More About Verdolagas (Purslane)

July 21, 2008

More About Verdolagas (Purslane)

www.westonaprice.org

Although purslane is rarely seen on our own tables today, this pretty herb has a long and interesting history. English medieval cooks and gardeners loved purslane. The ancient Greeks made a bread flour from purslane seeds and pickled its fleshy stems; Greek country cooks now serve purslane as a salad herb, either alone or with other khorta (wild greens). On Mexican tables, the hot, peppery bite of cooked purslane is enjoyed with eggs and pork, while Chinese cooks value its sharp flavor and slightly slippery quality with noodles.

Closer to home, the FDA lists purslane as a pervasive weed (the 7th worst, worldwide) but to those of us who love its earthy, slightly acidic flavor and crisp, succulent stems and leaves, the word ‘weed’ hardly seems fair.  Purslane is simple to grow and there are several varieties available to the gardener – the two best culinary ones are both summer herbs: portulaca oleracea (green purslane) and portulaca sativa (golden purslane).

Medieval herbalists describe purslane as ‘cold,’ meaning that  it was considered a cure for a ‘burning’ (or malfunctioning) heart and liver. Greeks call it a ‘bloodcleansing’ herb. In Mexico, purslane is considered good for diabetics. Recent research has confirmed that purslane is one of the best vegetable sources of omega-3 fatty acids, as well as carotenes and vitamin C.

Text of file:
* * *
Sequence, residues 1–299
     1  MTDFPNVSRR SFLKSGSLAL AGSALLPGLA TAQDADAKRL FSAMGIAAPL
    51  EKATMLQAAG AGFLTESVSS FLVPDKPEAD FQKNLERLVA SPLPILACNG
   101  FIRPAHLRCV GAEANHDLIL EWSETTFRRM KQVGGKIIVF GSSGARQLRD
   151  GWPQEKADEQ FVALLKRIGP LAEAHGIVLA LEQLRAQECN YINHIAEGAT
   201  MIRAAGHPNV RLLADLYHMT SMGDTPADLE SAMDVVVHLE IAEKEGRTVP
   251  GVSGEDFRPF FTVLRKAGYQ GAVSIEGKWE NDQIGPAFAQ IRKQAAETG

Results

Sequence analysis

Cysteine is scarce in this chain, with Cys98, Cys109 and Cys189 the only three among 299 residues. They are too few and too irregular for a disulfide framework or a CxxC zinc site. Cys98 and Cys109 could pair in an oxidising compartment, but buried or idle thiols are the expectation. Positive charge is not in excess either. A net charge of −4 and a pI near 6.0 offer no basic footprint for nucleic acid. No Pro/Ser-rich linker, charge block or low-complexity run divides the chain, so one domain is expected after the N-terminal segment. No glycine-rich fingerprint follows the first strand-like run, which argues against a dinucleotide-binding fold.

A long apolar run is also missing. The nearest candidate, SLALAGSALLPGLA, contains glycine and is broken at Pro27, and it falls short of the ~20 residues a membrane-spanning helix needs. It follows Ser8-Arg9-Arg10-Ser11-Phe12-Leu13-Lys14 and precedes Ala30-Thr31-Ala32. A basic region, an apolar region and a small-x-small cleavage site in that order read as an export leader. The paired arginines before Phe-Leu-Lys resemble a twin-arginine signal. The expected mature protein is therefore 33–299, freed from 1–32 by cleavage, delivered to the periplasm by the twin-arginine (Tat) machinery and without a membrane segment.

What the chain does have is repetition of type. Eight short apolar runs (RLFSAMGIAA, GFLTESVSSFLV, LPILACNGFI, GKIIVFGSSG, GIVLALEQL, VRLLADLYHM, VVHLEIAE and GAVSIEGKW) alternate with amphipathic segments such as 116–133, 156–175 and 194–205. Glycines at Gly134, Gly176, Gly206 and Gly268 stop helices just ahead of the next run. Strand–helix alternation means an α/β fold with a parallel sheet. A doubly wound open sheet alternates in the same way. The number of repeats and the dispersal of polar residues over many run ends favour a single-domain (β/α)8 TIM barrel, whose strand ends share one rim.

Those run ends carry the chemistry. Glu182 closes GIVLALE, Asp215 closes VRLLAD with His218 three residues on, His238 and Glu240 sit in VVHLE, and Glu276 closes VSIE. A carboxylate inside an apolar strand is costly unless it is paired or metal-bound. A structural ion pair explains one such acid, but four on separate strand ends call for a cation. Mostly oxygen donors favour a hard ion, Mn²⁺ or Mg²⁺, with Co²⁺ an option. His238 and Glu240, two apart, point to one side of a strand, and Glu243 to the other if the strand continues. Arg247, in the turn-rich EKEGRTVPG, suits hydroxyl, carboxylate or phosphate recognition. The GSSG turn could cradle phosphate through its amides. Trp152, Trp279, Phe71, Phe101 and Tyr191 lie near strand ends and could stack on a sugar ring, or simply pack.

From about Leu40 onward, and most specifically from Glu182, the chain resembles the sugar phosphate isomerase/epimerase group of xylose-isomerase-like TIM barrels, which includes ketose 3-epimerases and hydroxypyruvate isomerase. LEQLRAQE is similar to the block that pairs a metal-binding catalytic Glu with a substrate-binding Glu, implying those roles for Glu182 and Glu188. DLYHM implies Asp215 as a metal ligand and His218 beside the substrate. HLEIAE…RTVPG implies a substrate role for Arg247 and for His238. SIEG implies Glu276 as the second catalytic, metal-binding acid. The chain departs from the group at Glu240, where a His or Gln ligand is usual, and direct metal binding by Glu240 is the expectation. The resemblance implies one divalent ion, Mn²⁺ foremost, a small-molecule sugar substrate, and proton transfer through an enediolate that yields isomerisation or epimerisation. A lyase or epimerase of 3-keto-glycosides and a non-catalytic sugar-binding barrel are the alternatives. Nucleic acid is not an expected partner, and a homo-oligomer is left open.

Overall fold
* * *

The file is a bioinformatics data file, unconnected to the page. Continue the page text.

Clusters of its young, fresh leaves are a perfect foil to ‘sweet’ vegetables such as new potatoes, beets, fava beans and garbanzo beans, and juicy vegetables such as cucumber and tomatoes. Or, simply sprinkle the leaves generously with coarse sea salt, lemon juice and olive oil and serve with fish, grills, or omelets. My neighbor on Crete used to add handfuls of purslane sprigs to the juices in the roasting pan, once he had removed the roast for carving. After a few minutes of swishing, the greens would wilt and the sauce would acquire a sharper flavor and pleasantly gelatinous character.

Rosemary Barron, author of Flavors of Greece, Grub

Street, London, 2000

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